It’s been a busy few days. It began on Friday morning when I sat bolt upright at 3am and realised the year was drawing to a close and my annual carbon footprint was altogether too small.
Happily, this was easily remedied. I rolled out of bed and drove immediately to Perth airport. I flew across the country and all the way up to Brisbane. Then I drove to a hotel, stayed overnight, and at the crack of dawn, flew home to Perth again. And just like that, I was back on track.
While I was in Brisbane, a ridiculous thing happened, and it looked a bit like this:
A Single Stone was announced as the winner of the Griffith University Children’s Book Award at the Queensland Literary Awards!
… of 2012, in order to move hopefully into this new year. Last year got a little crazy for me and many things fell by the wayside. In hindsight, perhaps I should have seen it coming. I had two new books out here in Australia, two books coming out for the first time in the US, and a third in the pipeline to do the same. Lots of people wanted me for lots of things. They were all good things, useful things, things it made absolute and perfect sense for me to do. And so I said ‘Of course!’ and ‘I’d be delighted’ and ‘Thank you for asking’.
Last year, it felt like I reached a tipping point of some kind. There were simply too many things pulling on me for to do much but keep paddling madly and try and keep my head above water.
And where I use the cunning technique of splitting the first sentence in order to form a pointlessly catchy title for the post. A title that tells you nothing much at all. A title that if it tells you anything, tells you that this is going to be one of those shapeless, formless catch-up posts that people who are fond of articles with titles like “Ten Top Tips For Terrific Blogging” are so appalled by.
So I’ve been busy – busy being hard on myself for not having finished the novel I began so-called ‘fast-drafting’ at the beginning of the year. Apparently for me, fast drafting means an average of about 12.6 words a day. Which are then thrown out the next day, to be replaced by 12.6 possibly better ones.
But then I’ve been busy remembering that I have three books coming out in the US this year (No Bears, Duck for a Day, and Surface Tension, now known as Below, about which I shall write a vastly more terrific post at a later date), and two in Australia (Ten Tiny Things, Wreck the Halls, about which, terrific-ness, also later). And that I have in fact been occupied rewriting and copy-editing and proofreading and visiting schools and libraries and conferences and answering interview questions and doing promotional stuff here and there and everywhere and the many, many other bits and pieces associated with what it means to have five books coming out in the same year.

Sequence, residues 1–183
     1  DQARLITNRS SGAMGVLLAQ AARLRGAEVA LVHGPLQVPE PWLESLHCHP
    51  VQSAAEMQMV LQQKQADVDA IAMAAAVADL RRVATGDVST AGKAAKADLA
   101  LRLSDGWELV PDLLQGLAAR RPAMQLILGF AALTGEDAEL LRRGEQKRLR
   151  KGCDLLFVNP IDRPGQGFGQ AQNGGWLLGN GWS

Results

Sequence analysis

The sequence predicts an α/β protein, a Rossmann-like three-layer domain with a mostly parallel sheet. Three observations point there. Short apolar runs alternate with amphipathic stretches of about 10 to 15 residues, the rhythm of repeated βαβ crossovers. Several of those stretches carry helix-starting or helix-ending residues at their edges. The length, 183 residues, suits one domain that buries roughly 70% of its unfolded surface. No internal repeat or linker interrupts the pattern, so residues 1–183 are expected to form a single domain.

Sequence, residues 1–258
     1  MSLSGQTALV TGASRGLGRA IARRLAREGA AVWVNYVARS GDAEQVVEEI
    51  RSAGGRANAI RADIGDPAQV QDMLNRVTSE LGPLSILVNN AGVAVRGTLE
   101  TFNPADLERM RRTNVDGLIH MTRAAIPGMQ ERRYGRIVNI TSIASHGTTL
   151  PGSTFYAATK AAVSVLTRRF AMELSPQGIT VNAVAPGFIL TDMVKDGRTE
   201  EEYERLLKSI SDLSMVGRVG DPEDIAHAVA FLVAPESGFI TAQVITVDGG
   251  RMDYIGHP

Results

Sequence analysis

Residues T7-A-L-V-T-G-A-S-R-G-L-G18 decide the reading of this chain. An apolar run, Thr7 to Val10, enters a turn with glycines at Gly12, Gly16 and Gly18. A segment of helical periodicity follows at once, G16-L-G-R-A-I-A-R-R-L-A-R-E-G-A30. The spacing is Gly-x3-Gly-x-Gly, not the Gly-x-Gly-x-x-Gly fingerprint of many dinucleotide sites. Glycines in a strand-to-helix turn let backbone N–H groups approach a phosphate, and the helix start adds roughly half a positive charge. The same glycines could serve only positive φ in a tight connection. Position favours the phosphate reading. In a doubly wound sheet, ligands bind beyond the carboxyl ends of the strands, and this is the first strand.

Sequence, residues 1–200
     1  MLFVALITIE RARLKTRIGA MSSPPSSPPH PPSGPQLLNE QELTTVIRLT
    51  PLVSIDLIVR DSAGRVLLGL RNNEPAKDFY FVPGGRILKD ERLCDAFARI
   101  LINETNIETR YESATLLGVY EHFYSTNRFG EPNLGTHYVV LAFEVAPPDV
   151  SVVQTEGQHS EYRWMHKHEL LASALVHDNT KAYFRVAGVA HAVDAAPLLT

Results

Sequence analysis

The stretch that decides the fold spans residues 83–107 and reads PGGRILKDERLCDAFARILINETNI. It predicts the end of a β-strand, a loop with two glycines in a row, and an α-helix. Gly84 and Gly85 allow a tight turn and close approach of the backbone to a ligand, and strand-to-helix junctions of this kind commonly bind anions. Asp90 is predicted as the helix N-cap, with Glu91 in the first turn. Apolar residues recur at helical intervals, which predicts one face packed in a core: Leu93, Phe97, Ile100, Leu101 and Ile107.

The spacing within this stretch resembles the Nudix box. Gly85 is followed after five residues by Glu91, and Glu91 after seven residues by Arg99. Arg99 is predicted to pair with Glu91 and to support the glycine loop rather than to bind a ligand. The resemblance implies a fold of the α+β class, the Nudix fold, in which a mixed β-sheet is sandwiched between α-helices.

So this appears to be the fourth in the three-part blog-a-palooza I embarked on recently with Sally Murphy and Anna Branford.
Yes, I am aware that makes no sense.
I’m adding this coda simply to say that although it was fun, I doubt I’ll be doing something like that again. I have no idea how anyone keeps to a regular posting schedule and still manages to keep up with all the regular aspects of work and life and writing and all of that. Impossible.
I really enjoyed thinking about all those topics, and there’s a satisfying discipline in committing to setting my thoughts in order for public consumption. But when writing time is at a premium, I’d rather be chipping away at stories than composing blog posts.
The last couple of months have been a busy time for me. As other writers will attest to, Book Week seems to have turned into Book Month somewhere along the line and I’ve only just finished a steady stream of school and library visits. I could give you a bunch of stats here but I’d rather sit down and get some writing done, so instead I’ll just say that I drove a lot, talked a lot, listened a lot, and laughed a lot. It was energising and exhausting, all at once. And bookings are coming in for 2012, which is lovely, but also a little alarming.
I am always amazed by the creative and insightful ideas kids come up with. There was a great wealth of these this year, but I have to say that my favourite comment from a student was: “Meg, you are the most expiring author I have ever met!” Coming at the end of a long day, this was at once motivating and accidentally apt.
It’s been a crazy season – of eleventh-hour renovations and far-flung family and 18 people and three dogs under one sweltering roof for the craziest Christmas ever … and in the midst of it all, copyediting and layout and proofreading and all the associated insanity that goes with sending a book (or two) to press. The endless quest for less looking and staring and gazing and all of that. The growing realisation that a proofread completed in the midst of all of the above is not the thorough proofread a book needs. The last-minute panic of trying to change things I should have changed earlier – much earlier – approximately 5 minutes before (after?) we should have gone to press.